Fátima: On the road to redemption
by Vitor Pinto
- João Canijo’s new feature follows 11 actresses on a nine-day pilgrimage to the Sanctuary of Fátima
Four hundred kilometres separate the village of Vinhais, in the north of Portugal, from the infamous Sanctuary of Fátima, which is this year celebrating the centenary of the (supposed) apparition of the Virgin Mary to three little shepherds. It’s the longest pilgrimage route one can take to Fátima from within Portugal, and it’s precisely this path that director João Canijo chose as the setting for his new feature, Fátima [+see also:
Inhabiting these surroundings of mountains and roads are 11 actresses – most of them regulars in the director’s works, such as Rita Blanco, Anabela Moreira, Cleia Almeida and Márcia Breia. They embark on a nine-day pilgrimage together with an old driver and a van, where these women sleep, eat, tend to their foot injuries… and fight. They fight – both indoors and out – because human interactions are complex by nature and are usually exacerbated in peculiar situations like this.
Mixing reality and fiction – and allowing the latter to be contaminated by the former – the film is mainly based on improvisation. The actresses took part in a workshop with women from Vinhais, trying to absorb aspects of their lives and personalities in order to then build the characters who hit the road. During the shoot, they were given the main narrative arc of the script, but also the freedom to improvise with it. The result is an inevitable tumult of crossed dialogues, tensions and complicities, generating scenes that can be just as dramatic as they are funny.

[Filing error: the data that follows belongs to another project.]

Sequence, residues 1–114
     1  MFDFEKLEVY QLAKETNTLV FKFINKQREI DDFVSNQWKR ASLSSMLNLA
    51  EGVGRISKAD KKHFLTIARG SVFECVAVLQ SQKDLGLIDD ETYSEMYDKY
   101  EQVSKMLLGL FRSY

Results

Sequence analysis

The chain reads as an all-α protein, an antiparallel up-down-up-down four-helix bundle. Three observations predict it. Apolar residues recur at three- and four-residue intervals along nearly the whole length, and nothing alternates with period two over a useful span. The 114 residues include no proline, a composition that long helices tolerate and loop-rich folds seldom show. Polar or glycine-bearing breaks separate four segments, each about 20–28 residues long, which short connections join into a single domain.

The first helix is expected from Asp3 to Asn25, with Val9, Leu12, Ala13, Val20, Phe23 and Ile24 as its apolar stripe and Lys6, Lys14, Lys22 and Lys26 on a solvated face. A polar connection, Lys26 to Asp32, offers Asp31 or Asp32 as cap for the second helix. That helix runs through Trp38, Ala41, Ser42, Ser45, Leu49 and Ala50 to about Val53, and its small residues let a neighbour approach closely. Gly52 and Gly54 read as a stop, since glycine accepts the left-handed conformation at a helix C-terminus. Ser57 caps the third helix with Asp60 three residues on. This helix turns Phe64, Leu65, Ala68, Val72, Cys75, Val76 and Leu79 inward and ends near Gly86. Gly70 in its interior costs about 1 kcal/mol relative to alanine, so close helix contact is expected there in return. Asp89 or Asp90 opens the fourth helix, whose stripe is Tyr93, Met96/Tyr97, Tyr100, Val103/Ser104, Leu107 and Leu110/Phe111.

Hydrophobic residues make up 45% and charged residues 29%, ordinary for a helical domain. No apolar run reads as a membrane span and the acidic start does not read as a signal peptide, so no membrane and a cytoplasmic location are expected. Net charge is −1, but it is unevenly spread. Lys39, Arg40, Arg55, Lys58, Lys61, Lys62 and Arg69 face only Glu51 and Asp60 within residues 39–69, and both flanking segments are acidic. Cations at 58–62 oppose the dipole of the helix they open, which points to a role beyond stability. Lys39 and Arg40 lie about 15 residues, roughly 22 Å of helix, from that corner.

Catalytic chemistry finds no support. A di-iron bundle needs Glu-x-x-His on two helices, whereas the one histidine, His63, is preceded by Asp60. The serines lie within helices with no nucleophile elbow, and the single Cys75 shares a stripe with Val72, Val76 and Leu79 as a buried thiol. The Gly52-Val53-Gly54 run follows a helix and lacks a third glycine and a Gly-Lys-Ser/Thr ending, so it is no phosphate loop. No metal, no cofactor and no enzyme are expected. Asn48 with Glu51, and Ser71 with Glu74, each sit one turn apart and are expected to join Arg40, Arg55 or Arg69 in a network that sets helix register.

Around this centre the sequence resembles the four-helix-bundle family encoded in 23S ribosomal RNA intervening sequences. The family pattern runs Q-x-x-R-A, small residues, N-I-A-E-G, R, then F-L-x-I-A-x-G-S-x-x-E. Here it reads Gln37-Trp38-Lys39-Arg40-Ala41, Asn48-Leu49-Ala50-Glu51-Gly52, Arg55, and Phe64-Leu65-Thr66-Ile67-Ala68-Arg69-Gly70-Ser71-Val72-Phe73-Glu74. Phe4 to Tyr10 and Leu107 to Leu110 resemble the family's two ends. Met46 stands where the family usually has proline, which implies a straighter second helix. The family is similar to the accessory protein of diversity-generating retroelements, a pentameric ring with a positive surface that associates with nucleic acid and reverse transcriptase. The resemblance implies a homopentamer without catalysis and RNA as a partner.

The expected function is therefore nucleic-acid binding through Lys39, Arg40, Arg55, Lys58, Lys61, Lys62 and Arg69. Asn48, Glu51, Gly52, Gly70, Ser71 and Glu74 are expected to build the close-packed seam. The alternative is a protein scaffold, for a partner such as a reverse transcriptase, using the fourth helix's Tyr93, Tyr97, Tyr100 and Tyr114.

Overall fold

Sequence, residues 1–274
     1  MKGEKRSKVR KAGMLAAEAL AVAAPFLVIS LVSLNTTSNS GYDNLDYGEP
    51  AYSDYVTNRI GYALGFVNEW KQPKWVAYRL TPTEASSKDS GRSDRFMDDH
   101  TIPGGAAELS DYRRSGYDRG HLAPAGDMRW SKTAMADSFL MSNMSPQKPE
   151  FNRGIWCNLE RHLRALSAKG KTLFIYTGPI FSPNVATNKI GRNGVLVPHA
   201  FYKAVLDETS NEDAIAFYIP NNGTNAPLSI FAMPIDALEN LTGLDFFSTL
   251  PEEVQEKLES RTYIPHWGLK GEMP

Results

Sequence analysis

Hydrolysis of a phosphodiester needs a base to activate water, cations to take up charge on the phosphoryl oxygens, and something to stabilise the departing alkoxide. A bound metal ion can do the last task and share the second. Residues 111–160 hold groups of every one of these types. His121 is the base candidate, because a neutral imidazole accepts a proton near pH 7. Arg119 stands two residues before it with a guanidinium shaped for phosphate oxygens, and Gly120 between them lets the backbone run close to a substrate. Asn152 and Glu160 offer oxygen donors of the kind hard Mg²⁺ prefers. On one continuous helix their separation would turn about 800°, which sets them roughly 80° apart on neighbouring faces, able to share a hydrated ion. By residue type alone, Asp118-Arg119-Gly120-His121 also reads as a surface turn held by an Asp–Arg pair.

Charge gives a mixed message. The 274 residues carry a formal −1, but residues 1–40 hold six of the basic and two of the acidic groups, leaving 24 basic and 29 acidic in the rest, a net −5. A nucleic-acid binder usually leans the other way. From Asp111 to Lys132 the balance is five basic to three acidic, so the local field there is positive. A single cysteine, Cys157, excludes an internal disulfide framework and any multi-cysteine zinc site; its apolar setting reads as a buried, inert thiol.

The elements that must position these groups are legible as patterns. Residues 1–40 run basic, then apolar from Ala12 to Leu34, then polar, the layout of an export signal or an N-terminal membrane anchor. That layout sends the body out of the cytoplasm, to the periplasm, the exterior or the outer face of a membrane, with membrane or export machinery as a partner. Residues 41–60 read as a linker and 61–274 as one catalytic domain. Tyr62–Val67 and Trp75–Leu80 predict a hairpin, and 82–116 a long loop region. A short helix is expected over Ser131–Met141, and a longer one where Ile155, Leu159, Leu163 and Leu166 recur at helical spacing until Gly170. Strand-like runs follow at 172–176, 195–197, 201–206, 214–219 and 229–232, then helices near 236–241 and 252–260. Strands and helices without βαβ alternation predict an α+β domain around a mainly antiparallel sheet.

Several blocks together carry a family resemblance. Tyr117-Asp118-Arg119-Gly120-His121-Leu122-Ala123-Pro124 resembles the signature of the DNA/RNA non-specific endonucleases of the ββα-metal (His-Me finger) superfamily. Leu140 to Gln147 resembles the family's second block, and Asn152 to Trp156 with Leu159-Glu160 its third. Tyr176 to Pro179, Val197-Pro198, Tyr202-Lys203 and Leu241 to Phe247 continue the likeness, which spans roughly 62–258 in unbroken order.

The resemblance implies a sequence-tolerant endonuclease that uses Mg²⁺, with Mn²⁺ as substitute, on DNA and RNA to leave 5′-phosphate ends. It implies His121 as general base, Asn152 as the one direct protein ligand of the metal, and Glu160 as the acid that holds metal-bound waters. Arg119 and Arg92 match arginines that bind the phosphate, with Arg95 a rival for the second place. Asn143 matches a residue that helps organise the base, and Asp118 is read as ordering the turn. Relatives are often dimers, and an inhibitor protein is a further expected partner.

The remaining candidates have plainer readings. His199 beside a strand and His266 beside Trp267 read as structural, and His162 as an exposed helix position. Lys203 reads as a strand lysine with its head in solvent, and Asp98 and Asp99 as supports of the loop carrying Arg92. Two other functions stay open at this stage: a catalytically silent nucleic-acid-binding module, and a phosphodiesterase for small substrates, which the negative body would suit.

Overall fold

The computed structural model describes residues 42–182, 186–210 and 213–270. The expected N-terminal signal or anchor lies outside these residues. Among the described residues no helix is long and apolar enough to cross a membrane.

Simultaneously bossy and comical, Blanco stands out once again as one of Portugal’s most gifted actresses, although her virtuoso performance, sentences in the local vernacular and hilarious timing may only be fully appreciated by Portuguese audiences. Moreira’s character, on the other hand, is on the verge of a breakdown and is also the main source of conflict within this group of women whose interaction and crude language sometimes seem to be the mirror opposite of what true Catholic behaviour should be. In the end, unlike these women, cynical audiences may question the miracle of Fátima, but they won’t question the possibility of redemption – nor Canijo’s unique ability to capture and portray the more profound aspects of Portugal’s (still) religious and contradictory soul.
Released last week by Midas Filmes and produced by Midas Filmes (Portugal) and Les Films de l'après-midi (France), Fátima comes in two versions for theatrical distribution: a short one with a running time of 150 minutes and a longer one with another 50 minutes of extra scenes. The upcoming TV version will comprise a five-episode series, with episodes lasting one hour each.
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